And this veneration of Romanticism is not just lip service. Suzanne relates that the text on the Romantic Goddess <a href="http://pr.meetmark.com/PRSuite/meet/getthelook.jsp?ArtID=lighten&page=1" target="_blank">page</a> specifically reminded her of the fairy-tale thread that recently appeared on our forum. That text reads,<p><blockquote><i>Summer is the season of sizzling romance. But need we remind you of the glorious gazes to be exchanged while walking through fallen fall foliage? Or how sweet it is to snuggle up in a sweater with a latte in hand and a great conversationalist by your side? <strong>Perhaps you could discuss your favorite literary romantic heroine. Or you could pull out all the stops and look like one</strong>.</i></blockquote><p>Can you believe it? Here we have a cosmetics firm subtly encouraging its customers to explore the world of Romantic literature--and possibly, even to incorporate it into their own lives.

What an exciting movement this is. And we say "movement" advisedly, rather than "trend," because the New Femininity appears to be no passing fad, but the leading edge of a cultural shift that is progressively gathering momentum. And no wonder. It is fulfilling the human need for timeless beauty, which has been unsatisfied for so long.

Once again--astonishingly--we see that fashion and its related disciplines are embracing the Aesthetic Restoration more wholeheartedly than any other field of creative endeavour.

Let the plus-size industry take note: the time has never been better for the Classical aesthetic to reclaim its rightful place as the true Ideal of feminine beauty.

23rd September 2005, 20:57
This is a little bit of a tangent, but it still falls under the topic of associating romanticism with cosmetics, and fits perfectly with the timeless-themed campaigns that have been featured on this forum lately.

In the current issue of CosmoGirl magazine, of all places, there's a Covergirl ad that, I swear, looks in every way as if it was photographed in the Victorian era. Except of course for the fact that it uses minus-size models. (Aaaargh!) But otherwise it's just uncanny. The setting looks like a room in a museum- it's that convincing- but the colors define it as a contemporary ad, since color wasn't around in the late 1800s.

You can't find a more striking example of aesthetic restoration.

25th September 2005, 06:31
<br>CoverGirl has featured full-figured Queen Latifah in a number of advertisements, so the company richly deserves a "plug."

Below is the page to which Kaitlynn is referring. It is a truly remarkable image, not only because of its intrinsic beauty, but because of what it represents.

Think of it: of all of the publications on the nation's newsstands, the most sensitive cultural barometers must surely be the "teen" fashion magazines. If regular fashion periodicals pride themselves on being up-to-the-minute, these magazines need to be up-to-the-<i>second,</i> in accordance with that distinctively 21st-century saying, <i>"Oh, that's so ten minutes ago."</i>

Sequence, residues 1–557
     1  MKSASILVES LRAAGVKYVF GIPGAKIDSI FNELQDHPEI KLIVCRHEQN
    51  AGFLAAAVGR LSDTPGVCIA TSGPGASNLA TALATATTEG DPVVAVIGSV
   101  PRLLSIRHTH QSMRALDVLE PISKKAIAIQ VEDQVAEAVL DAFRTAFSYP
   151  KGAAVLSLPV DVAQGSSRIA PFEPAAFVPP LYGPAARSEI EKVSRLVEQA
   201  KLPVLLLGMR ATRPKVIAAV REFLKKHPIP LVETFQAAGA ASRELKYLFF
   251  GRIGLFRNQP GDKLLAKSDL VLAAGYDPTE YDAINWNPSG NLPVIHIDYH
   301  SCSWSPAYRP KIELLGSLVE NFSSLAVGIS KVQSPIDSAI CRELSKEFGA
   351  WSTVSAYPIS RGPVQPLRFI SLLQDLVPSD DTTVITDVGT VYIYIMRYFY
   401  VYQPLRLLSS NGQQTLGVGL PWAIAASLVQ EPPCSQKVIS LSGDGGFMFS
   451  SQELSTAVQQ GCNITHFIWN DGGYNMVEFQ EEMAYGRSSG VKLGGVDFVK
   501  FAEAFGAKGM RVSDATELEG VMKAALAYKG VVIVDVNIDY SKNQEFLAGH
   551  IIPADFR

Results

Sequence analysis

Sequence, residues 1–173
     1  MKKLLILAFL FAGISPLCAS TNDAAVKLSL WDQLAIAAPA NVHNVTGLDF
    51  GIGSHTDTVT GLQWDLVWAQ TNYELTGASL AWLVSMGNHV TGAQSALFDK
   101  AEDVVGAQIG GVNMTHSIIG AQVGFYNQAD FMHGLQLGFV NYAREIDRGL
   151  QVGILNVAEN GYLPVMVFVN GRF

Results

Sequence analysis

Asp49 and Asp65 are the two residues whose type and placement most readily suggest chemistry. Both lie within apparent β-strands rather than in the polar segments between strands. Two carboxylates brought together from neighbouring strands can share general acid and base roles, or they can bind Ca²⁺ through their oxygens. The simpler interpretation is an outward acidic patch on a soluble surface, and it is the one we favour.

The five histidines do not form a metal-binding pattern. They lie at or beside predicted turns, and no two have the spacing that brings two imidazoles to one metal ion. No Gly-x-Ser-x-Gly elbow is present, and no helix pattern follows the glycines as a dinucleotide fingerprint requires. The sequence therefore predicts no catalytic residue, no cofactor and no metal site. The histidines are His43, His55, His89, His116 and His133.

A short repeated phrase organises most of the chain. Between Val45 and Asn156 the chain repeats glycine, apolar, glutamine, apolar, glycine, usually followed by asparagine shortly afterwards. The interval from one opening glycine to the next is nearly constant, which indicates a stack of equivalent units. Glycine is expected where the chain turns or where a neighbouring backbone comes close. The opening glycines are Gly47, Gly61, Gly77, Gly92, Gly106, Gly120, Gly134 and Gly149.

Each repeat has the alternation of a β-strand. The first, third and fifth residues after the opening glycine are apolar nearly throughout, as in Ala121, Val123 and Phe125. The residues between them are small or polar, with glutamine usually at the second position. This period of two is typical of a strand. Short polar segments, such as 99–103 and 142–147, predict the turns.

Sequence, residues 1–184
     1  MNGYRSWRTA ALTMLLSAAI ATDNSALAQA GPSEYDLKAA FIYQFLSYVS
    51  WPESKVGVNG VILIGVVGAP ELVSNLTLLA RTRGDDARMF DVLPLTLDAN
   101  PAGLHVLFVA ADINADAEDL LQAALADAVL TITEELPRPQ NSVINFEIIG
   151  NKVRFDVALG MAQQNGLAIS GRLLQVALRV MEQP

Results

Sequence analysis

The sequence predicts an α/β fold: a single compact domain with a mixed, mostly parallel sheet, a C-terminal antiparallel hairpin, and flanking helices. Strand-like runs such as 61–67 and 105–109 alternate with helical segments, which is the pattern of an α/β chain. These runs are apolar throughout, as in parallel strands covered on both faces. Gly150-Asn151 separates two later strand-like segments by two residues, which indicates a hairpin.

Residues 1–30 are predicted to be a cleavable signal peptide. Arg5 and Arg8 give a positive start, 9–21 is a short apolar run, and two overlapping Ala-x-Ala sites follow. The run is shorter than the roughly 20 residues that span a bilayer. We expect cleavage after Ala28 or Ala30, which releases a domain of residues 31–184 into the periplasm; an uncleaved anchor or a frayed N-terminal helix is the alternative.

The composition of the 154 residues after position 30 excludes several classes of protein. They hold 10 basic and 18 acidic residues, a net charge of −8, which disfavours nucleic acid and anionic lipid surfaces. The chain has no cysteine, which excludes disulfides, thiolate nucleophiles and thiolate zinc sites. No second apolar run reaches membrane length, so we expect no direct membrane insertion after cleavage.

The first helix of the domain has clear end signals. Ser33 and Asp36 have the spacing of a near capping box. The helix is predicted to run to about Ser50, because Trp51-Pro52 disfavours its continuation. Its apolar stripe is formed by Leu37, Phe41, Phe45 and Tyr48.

And yet here--in a national advertisement, in one such trendy "teen magazine"--we see an image that is not only <i>"so ten minutes ago,"</i> but <i>"so <strong>two centuries</strong> ago."</i>

But by the very nature of its placement in such a magazine, it is also "so <i>now</i>"--"so today," "so hip," "so current."<p><center><img src="http://www.judgmentofparis.com/forum/cosmogirl01.jpg"></center><p>Can we really be seeing this image? Is this not a Judgment of Paris re-creation, a fantasy of "what might be"?

No, this image truly exists, sitting right before us, in the here-and-now. We are indeed catching a glimpse of two young ladies--and no one would dare call them anything less respectful, for young ladies they certainly are, as the context indicates--enjoying high tea in an elegant setting, decked out in demure, feminine wardrobe.

In decades past, a magazine with a title like <i>CosmoGirl</i> would have presented very different advertisements indeed. It would have featured street urchins in grungy settings, sporting raunchy attire, in snapshots taken by photographers seemingly locked in perpetual combat as to who could create the ugliest possible image.

But today, having exhausted every conceivable avenue of deconstruction and disparagement, having made "teen rebellion" a mark of conformity, and "raging against the machine" as predictable as the "machine" itself, today's youth are looking back at the codes of civility and elegance that have passed out of living memory, and discovering the worth of these cultural trappings for themselves.

For is there any domestic custom that bespeaks civility, indeed, <i>civilization,</i> better than that most serene of rituals--a shared cup of tea?

This image is the perfect blend of past and present. It signifies the harmonious integration of history into contemporary life. The "ginger" model's gorgeous, voluminous hairstyle and vibrantly-hued dress mark the photograph as a snapshot of the present-day, but the setting, the furniture--and of course, the <i>mood</i>--are all unmistakably drawn from "a more civilized age."

And no matter how often we make this point, it still begs repeating: if only, <i>if only</i> the advertisement had used plus-size models instead of androgynous waifs. Even the round facial features of the model in the painting on the left testify that a fuller, more timeless ideal of feminine beauty would have harmonized better with the aesthetic of the image.

Just imagine, say, Christina Schmidt and Kelsey Olson sharing a cup of tea in the same setting, in the same attire (and yes, for Covergirl's sake--in the same makeup).

The result would have been nothing less than . . . a masterpiece for the ages.